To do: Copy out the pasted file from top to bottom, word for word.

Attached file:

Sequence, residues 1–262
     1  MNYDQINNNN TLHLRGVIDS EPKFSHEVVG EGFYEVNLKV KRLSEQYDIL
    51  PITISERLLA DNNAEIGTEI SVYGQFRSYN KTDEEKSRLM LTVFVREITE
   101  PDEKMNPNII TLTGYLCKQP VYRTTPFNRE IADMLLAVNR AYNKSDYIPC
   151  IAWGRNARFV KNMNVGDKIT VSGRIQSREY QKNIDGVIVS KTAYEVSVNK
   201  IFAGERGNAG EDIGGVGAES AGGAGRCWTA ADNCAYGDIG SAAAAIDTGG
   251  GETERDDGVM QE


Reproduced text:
Sequence, residues 1–262
     1  MNYDQINNNN TLHLRGVIDS EPKFSHEVVG EGFYEVNLKV KRLSEQYDIL
    51  PITISERLLA DNNAEIGTEI SVYGQFRSYN KTDEEKSRLM LTVFVREITE
   101  PDEKMNPNII TLTGYLCKQP VYRTTPFNRE IADMLLAVNR AYNKSDYIPC
   151  IAWGRNARFV KNMNVGDKIT VSGRIQSREY QKNIDGVIVS KTAYEVSVNK
   201  IFAGERGNAG EDIGGVGAES AGGAGRCWTA ADNCAYGDIG SAAAAIDTGG
   251  GETERDDGVM QE